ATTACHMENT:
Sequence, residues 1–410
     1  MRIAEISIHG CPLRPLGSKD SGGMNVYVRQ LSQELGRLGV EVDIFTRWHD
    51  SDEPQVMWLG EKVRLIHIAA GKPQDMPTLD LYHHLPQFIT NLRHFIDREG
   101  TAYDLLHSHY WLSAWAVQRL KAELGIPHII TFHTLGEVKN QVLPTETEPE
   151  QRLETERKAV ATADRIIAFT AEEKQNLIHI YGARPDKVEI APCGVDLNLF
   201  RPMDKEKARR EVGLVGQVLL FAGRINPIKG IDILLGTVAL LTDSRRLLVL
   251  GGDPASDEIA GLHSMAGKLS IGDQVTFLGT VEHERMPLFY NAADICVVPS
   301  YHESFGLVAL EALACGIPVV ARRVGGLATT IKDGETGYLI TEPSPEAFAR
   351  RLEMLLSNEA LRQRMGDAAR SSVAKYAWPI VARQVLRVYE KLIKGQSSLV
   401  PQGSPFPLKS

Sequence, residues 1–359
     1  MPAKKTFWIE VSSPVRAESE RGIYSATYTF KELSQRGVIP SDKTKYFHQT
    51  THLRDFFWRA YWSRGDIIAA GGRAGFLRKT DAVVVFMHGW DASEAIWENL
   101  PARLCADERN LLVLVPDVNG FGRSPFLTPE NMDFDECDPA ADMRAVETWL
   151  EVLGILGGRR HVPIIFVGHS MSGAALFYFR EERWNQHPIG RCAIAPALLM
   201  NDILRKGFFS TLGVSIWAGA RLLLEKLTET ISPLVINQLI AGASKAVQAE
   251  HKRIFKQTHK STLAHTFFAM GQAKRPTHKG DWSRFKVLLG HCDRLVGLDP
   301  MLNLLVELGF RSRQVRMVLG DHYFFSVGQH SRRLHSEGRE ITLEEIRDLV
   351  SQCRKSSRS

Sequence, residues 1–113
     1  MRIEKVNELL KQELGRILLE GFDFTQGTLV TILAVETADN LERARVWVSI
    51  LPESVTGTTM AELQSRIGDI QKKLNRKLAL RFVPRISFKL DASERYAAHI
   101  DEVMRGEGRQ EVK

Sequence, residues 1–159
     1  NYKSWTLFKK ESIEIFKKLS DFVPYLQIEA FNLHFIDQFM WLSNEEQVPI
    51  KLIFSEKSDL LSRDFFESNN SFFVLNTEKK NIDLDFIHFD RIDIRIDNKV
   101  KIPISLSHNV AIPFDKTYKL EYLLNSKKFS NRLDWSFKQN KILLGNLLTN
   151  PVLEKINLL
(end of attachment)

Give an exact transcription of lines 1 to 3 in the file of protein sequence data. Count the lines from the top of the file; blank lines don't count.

Sequence, residues 1–410
     1  MRIAEISIHG CPLRPLGSKD SGGMNVYVRQ LSQELGRLGV EVDIFTRWHD
    51  SDEPQVMWLG EKVRLIHIAA GKPQDMPTLD LYHHLPQFIT NLRHFIDREG